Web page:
6. 6. ᮢ vi CONTENTS Chagas Disease, or American Trypanosomiasis HIV Toxoplasmosis Cytomegalovirus Lyme Myocarditis Giant Cell Myocarditis Sarcoidosis 17. Pericardial Diseases Martin M. LeWinter, MD General Considerations Normal Pericardial Anatomy and Physiology Pericardial Pressure and Normal Function Pathogenesis Infectious Pathogens Iatrogenic Causes Connective Tissue Disorders Other Causes Acute Pericarditis General Considerations Clinical Findings Symptoms and Signs Physical Examination Diagnostic Studies Treatment Pericardial Effusion General Considerations Clinical Findings Symptoms and Signs Physical Examination Diagnostic Studies Treatment Cardiac Tamponade General Considerations Clinical Findings Symptoms and Signs Diagnostic Studies Treatment Constrictive Pericarditis General Considerations Clinical Findings Symptoms and Signs Physical Examination Diagnostic Studies Differential Diagnosis Treatment Effusive-Constrictive Pericarditis 18. Congestive Heart Failure 184 184 185 185 185 185 185 187 187 187 187 187 187 189 190 190 192 192 192 192 192 192 194 194 194 194 194 194 195 195 195 195 195 195 196 197 197 197 198 198 198 198 200 201 201 203 Prakash C. Deedwania, MD & Enrique V. Carbajal, MD General Considerations 203 Pathophysiology & Etiology 203 Types of Heart Failure 204 Causes 206 Clinical Findings Symptoms and Signs Physical Examination Laboratory Findings Diagnostic Studies Differential Diagnosis Treatment General Measures Pharmacologic Treatment Nonpharmacologic Treatment Prognosis 19. Heart Failure with Preserved Ejection Fraction Sanjiv J. Shah, MD General Considerations Pathophysiology Diastolic Dysfunction Left Ventricular Enlargement and Increased Intravascular Volume Abnormal Ventricular-Arterial Coupling Left Ventricular Hypertrophy Coronary Artery Disease Clinical Findings Risk Factors Symptoms and Signs Diagnostic Studies Differential Diagnosis Prevention Treatment Nonpharmacologic Therapy Pharmacologic Therapy Prognosis 20. Supraventricular Tachycardias Byron K. Lee, MD & Peter R. Kowey, MD General Considerations Pathophysiology & Etiology General Diagnostic Approach Sinus Tachycardia & Sinus Node Reentry Sinus Tachycardia General Considerations Treatment Sinus Node Reentry General Considerations Treatment Atrial Flutter General Considerations Pathophysiology Clinical Findings Prevention Treatment Conversion Rate Control 206 206 207 208 209 209 210 210 210 218 220 221 221 222 222 222 223 223 223 223 223 224 224 228 229 229 229 229 232 233 233 233 236 236 236 236 237 237 237 238 238 238 238 238 238 239 239 239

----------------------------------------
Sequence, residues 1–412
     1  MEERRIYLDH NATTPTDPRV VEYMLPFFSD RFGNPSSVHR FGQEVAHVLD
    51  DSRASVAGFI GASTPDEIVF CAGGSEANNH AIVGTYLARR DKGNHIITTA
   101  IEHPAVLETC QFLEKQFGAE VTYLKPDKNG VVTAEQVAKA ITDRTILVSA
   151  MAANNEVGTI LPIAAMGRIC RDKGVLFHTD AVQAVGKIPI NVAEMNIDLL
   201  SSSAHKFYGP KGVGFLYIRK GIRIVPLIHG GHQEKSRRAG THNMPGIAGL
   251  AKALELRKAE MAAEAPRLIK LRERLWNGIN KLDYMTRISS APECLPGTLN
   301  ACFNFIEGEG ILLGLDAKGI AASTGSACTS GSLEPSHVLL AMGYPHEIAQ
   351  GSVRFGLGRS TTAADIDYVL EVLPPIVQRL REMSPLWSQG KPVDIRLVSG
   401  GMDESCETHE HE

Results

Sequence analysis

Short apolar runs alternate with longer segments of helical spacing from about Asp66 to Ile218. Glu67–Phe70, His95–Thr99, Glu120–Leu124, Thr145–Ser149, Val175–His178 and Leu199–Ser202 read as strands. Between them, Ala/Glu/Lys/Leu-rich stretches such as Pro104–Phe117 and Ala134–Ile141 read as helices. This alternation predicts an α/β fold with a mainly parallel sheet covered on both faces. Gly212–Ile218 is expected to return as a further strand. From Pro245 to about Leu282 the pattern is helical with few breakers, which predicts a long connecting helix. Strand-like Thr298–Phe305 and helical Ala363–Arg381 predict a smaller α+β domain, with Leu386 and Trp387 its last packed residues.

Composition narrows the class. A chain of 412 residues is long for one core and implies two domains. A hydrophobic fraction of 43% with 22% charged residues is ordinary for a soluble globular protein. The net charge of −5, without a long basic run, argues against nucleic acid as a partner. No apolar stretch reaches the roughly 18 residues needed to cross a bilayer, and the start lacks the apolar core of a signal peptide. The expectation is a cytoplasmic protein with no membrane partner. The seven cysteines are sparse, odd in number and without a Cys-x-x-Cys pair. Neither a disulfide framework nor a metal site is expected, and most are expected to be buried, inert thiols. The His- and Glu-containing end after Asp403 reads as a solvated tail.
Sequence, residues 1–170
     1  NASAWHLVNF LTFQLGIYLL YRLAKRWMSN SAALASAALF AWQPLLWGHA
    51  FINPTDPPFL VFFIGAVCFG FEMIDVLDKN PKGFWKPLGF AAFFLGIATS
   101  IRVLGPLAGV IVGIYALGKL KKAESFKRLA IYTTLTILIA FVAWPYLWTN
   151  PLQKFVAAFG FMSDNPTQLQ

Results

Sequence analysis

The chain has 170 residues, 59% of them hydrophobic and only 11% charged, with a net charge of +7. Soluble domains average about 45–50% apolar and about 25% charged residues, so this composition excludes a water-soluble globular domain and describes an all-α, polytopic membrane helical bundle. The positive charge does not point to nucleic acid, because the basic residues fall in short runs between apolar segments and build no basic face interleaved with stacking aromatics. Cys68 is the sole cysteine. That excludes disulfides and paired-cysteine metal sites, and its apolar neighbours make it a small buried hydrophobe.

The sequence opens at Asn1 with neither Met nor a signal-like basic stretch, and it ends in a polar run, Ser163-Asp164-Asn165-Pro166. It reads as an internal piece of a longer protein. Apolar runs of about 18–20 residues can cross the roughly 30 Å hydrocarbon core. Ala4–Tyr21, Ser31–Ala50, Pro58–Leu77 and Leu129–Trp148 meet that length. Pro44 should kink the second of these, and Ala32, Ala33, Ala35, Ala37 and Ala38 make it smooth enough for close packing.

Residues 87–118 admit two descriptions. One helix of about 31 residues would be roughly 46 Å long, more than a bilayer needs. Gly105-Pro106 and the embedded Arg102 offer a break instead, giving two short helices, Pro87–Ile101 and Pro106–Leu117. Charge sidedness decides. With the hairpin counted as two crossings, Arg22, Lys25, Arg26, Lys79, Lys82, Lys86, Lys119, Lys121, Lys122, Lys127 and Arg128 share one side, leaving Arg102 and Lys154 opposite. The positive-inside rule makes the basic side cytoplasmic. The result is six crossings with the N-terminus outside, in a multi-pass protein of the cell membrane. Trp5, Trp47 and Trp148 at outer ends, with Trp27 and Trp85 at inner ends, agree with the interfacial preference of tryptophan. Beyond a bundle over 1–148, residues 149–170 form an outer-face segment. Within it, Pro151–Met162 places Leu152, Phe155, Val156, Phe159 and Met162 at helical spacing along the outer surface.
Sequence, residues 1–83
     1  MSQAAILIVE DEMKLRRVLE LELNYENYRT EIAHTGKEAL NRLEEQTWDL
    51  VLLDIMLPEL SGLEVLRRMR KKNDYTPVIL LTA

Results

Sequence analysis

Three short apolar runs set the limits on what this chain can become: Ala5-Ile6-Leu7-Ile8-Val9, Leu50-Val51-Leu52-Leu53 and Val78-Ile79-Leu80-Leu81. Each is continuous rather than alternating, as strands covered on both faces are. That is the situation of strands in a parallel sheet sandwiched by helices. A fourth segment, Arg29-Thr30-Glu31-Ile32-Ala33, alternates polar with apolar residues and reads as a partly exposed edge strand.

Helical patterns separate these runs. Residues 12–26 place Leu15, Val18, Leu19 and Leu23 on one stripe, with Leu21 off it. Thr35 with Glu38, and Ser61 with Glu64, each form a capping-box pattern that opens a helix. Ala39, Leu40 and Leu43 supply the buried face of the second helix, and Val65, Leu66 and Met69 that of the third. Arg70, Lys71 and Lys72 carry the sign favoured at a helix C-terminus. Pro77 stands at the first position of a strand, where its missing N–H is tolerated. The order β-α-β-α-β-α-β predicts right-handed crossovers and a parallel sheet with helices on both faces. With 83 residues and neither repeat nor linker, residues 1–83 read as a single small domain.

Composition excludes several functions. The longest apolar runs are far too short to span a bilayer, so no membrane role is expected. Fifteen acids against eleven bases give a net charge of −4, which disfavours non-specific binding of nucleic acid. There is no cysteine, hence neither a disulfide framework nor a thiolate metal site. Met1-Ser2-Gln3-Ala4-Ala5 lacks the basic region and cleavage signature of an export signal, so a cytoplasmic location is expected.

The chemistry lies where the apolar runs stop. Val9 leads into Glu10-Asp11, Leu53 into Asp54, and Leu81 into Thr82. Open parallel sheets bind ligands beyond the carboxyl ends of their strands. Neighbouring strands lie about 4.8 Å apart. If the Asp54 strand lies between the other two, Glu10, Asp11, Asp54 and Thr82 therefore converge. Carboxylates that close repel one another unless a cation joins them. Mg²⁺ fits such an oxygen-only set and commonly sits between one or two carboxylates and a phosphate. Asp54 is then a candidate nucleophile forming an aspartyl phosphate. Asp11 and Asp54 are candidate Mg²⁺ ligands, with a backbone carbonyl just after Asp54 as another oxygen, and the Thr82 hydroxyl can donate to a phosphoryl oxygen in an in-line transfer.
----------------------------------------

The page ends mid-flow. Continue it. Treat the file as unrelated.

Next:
7. 7. Catheter Ablation and Other Modalities Stroke Prophylaxis Multifocal Atrial Tachycardia General Considerations Treatment Prognosis Atrial Tachycardia General Considerations Treatment Pharmacologic Therapy Ablation General Considerations Pathophysiology Prevention Treatment Vagal Maneuvers Pharmacologic Therapy Radiofrequency Modification in Slow–Fast AVNRT Junctional Tachycardia (Accelerated AV Junctional Rhythm) General Considerations Clinical Findings Treatment Bypass Tracts & the Wolff-Parkinson-White Syndrome General Considerations Epidemiology Pathophysiology Anatomy Cardiac Electrical Conduction Mechanism Treatment Vagal Maneuvers Pharmacologic Therapy Radiofrequency Catheter Ablation Therapy Surgical Ablation Therapy Other Bypass Tracts Sinus Node Arrhythmia Other Supraventricular Arrhythmias General Considerations Treatment Wandering Atrial Pacemaker General Considerations Treatment 21. Atrial Fibrillation Melvin M. Scheinman, MD General Considerations Epidemiology Clinical Findings Symptoms and Signs Physical Examination Treatment 239 240 240 240 240 240 241 241 242 242 242 242 242 243 243 243 243 243 246 246 246 247 ᮢ CONTENTS vii Rate Control Long-Term Antiarrhythmic Therapy and Elective Cardioversion Antiarrhythmic Drug Therapy for Atrial Fibrillation Nonpharmacologic Treatment of Atrial Fibrillation 260 22. Conduction Disorders & Cardiac Pacing 267 Richard H. Hongo, MD & Nora Goldschlager, MD General Considerations Pathophysiology & Etiology Sinus Node Dysfunction Atrioventricular Nodal-His Block Clinical Findings Symptoms and Signs Physical Examination Diagnostic Studies Treatment Cardiac Pacing Pacing System Malfunctions Assessment of Pacing System Function 23. Ventricular Tachycardia 247 247 247 247 247 248 249 251 251 251 254 255 255 256 256 256 256 257 257 257 259 259 259 259 259 259 260 260 261 265 267 267 267 268 268 268 270 273 278 283 293 296 299 Nitish Badhwar, MD Diagnostic Issues Underdiagnosis Misdiagnosis Diagnostic Approach to the Patient with Wide QRS Complex Tachycardia Atrioventricular Relationship QRS Complex Duration Specific QRS Morphology QRS Complex Axis History, Physical Examination and 12-Lead ECG Monomorphic VT in Association with Idiopathic Dilated Cardiomyopathy Monomorphic VT in Arrhythmogenic Right Ventricular Cardiomyopathy Monomorphic VT in Patients with Congenital Heart Disease Monomorphic VT in Other Forms of Structural Heart Disease Idiopathic Left Ventricular Tachycardia or Fascicular VT Outflow Tract Ventricular Tachycardia Annular Ventricular Tachycardia Diagnostic Studies Immediate Termination Prevention Pharmacologic Therapy Nonpharmacologic Therapy Polymorphic Ventricular Tachycardia 299 299 299 300 301 301 301 303 303 304 305 306 306 307 307 308 308 310 310 310 311 311